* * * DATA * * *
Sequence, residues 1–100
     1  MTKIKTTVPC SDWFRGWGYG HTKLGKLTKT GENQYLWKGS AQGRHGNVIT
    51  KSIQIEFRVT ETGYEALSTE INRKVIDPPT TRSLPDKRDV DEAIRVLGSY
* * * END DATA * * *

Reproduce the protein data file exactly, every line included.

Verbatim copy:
Sequence, residues 1–100
     1  MTKIKTTVPC SDWFRGWGYG HTKLGKLTKT GENQYLWKGS AQGRHGNVIT
    51  KSIQIEFRVT ETGYEALSTE INRKVIDPPT TRSLPDKRDV DEAIRVLGSY